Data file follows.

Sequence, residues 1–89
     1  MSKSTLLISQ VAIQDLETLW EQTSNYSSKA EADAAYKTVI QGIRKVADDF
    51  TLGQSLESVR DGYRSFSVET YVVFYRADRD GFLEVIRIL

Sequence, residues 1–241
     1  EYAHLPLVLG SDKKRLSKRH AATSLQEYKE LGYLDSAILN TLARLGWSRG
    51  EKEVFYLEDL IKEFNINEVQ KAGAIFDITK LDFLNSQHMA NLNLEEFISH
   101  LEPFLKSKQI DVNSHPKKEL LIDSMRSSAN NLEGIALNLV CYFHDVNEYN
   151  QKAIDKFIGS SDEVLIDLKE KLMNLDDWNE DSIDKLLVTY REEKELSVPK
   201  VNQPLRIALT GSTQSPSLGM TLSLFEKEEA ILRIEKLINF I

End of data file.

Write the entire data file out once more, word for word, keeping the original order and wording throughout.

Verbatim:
Sequence, residues 1–89
     1  MSKSTLLISQ VAIQDLETLW EQTSNYSSKA EADAAYKTVI QGIRKVADDF
    51  TLGQSLESVR DGYRSFSVET YVVFYRADRD GFLEVIRIL

Sequence, residues 1–241
     1  EYAHLPLVLG SDKKRLSKRH AATSLQEYKE LGYLDSAILN TLARLGWSRG
    51  EKEVFYLEDL IKEFNINEVQ KAGAIFDITK LDFLNSQHMA NLNLEEFISH
   101  LEPFLKSKQI DVNSHPKKEL LIDSMRSSAN NLEGIALNLV CYFHDVNEYN
   151  QKAIDKFIGS SDEVLIDLKE KLMNLDDWNE DSIDKLLVTY REEKELSVPK
   201  VNQPLRIALT GSTQSPSLGM TLSLFEKEEA ILRIEKLINF I